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Programme description for the PhD programme in Social Sciences at the University of Oslo

The programme description regulates and describes the PhD programme at the Faculty of Social Sciences.

The PhD programme at the Faculty of Social Sciences is laid down pursuant to the Regulations for the PhD degree at the University of Oslo. The programme description was updated most recently on 4 May 2017.

Please note that the English translations are for information purposes only. For all legal purposes, the original documents in Norwegian are the authoritative versions.

1. PhD programme name, scope, goals and qualification

Name: Programme for the degree of PhD in Social Sciences at the University of Oslo

The PhD programme has a stipulated length of three years of full-time study. Completion of the PhD programme culminates in the degree of Philosophiae Doctor (PhD).

The PhD programme shall educate independent researchers of high international standard in Social Sciences, in accordance with recognized scientific and ethical principles. The education shall qualify candidates for research and other work requiring high levels of scientific insight and analytical thinking.

The PhD degree is awarded on the basis of:

  • completion of the educational component
  • scientific thesis
  • doctoral examination consisting of a trial lecture and a disputation (public defence of the thesis)

Those who have achieved the PhD degree in Social Sciences at the Faculty have the following qualifications, in accordance with the National Qualification Framework for Lifelong Learning (NQF):

KNOWLEDGE – The candidate…

  • is in the forefront of knowledge within his/her academic field and masters the field´s philosophy of science and/or methods.
  • can evaluate the expediency and application of different methods and processes in research and scholarly projects.
  • can contribute to the development of new knowledge, new theories, methods, interpretations and forms of documentation in the field.
  • can position own research within a larger academic and scientific context.

SKILLS – The candidate…

  • can formulate problems, plan and carry out research and scholarly development work.
  • can carry out research and scholarly research work of a high international standard.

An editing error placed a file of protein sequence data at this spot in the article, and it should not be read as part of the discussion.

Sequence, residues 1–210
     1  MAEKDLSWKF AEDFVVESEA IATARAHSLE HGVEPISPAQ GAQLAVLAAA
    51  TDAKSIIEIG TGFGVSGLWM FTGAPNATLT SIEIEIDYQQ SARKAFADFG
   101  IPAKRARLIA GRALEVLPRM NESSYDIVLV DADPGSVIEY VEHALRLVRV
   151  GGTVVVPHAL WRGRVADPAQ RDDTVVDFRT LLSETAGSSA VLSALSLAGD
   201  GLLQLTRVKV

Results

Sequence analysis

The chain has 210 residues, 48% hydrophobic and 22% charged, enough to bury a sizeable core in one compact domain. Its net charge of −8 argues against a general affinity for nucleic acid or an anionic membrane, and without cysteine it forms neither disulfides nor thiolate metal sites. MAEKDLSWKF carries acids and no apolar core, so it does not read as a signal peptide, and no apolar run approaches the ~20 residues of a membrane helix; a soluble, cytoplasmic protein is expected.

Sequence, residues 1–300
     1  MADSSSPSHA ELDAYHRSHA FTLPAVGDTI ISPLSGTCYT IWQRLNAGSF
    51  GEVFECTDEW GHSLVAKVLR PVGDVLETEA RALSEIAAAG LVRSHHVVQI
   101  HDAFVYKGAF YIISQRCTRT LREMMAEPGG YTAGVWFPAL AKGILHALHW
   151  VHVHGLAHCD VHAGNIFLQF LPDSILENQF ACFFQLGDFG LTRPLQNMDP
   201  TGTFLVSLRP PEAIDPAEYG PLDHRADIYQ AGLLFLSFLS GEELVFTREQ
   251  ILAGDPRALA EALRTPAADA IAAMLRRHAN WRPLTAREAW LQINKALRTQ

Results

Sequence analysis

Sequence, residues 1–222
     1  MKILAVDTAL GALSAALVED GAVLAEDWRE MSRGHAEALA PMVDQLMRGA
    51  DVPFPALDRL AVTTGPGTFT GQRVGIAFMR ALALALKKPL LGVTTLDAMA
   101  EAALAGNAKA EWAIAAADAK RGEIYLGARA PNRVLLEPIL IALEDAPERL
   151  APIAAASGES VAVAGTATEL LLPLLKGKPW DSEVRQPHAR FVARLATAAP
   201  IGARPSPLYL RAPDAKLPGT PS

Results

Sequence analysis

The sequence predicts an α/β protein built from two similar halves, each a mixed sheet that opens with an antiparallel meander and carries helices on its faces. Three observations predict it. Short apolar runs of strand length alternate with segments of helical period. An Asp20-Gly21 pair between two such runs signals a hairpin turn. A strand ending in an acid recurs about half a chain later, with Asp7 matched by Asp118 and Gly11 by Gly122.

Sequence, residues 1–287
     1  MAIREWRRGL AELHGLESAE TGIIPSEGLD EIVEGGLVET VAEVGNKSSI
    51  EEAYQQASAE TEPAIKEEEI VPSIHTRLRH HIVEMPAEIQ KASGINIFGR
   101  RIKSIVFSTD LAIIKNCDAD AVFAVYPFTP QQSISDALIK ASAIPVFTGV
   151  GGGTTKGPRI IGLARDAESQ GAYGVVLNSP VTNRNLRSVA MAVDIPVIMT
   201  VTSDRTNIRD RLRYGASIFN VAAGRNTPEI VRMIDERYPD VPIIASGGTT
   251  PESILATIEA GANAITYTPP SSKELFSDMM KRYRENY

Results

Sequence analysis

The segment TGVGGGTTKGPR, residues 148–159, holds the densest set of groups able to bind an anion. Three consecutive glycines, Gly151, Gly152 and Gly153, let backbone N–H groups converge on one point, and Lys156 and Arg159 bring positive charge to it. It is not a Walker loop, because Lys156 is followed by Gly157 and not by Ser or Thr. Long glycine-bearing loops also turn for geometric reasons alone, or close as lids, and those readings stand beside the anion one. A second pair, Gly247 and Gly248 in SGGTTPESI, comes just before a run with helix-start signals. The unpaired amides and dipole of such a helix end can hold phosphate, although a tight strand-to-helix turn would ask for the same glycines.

• can handle complex academic issues and challenge established knowledge and practice in the field.
  • can provide qualified feedback on others' contributions within his/her own academic field.

GENERAL COMPETENCE – The candidate…

  • can identify new relevant ethical issues in his/her research and the research of others and carry out his/her research with scholarly integrity
  • can manage complex interdisciplinary assignments and projects.
  • can communicate research and development work through recognized Norwegian and international channels and participate in debates in the field in international forums
  • can make well-founded scientific contributions to the Norwegian social debate.
  • can assess the need for, initiate and practice innovation.

2. Admission to the programme

2.1. Admission requirements

Scope of the prior education

The prior education must correspond to at least 5 years of education at the university level in Norway in a relevant field, with at least two years (120 credits) at the master's level. This normally means a two-year master's degree that includes a master's dissertation/thesis with a scope of at least 30 credits. The education must include relevant education in research methods.

If the scope of the applicant’s education at the master's level is less than two years, the Faculty may make an individual assessment at the time of admission. In this assessment, any additional courses at the master's level and/or other activities that are clearly relevant to research (scientific work/production) may form grounds for contingent admission.

Prior education quality requirements

When assessing the quality of the prior education, particular emphasis will be placed on the grades at the master's level, and particularly the master's dissertation/thesis.

Applicants with a grade of A or B according to the ECTS scale from A-E will not be qualified for admission to the PhD programme. Applicants with a grade of C may be assessed individually in relation to the other criteria. Applicants with a D or poorer according to the ECTS scale will not be qualified for admission to the PhD programme.

The master's degree is therefore expected to have an ordinary theoretical focus, and not be a practically-focused master's degree (“experience-based”), which does not offer the level of research preparation required for admission.

Other required prerequisite knowledge

Good English skills are required for all participants in a doctoral programme. Applicants must document this, based on the following tests with the following results or better:

  • TOEFL – Test of English as a Foreign Language, with a minimum result of 550 on the Paper-based Test (PBT), or 80 on the Internet-Based Test (iBT).
  • IELTS – International English Language Testing Service, with the result 6.0.

The following applicants are exempted from the above requirements:

  • Applicants from member countries of the EU/EEA and/or the European Council / UNESCO-Cepes, and whose first foreign language is English, taken over a period of at minimum 7 years in primary and secondary school. The applicant must provide documentation of this.
  • Applicants who have completed a Bachelors' degree and/or Master's degree in which English was the language of instruction.
  • Applicants with an A-level examination in English.

For applicants from certain African countries, see NOKUT's Web page for details.

For applicants to the programme option in Economics, the GRE General Test is required for applicants with an education from institutions outside of the EEA/EU or Switzerland. Read more about prerequisite knowledge for the programme option in Economics.

The programme options may require that courses have been taken prior to admission or are taken during the admission period (contingent admission). Such requirements must be adopted by the Faculty. If the course requirements are of a general nature, they must be listed or be referred to in the programme description for the programme option in question.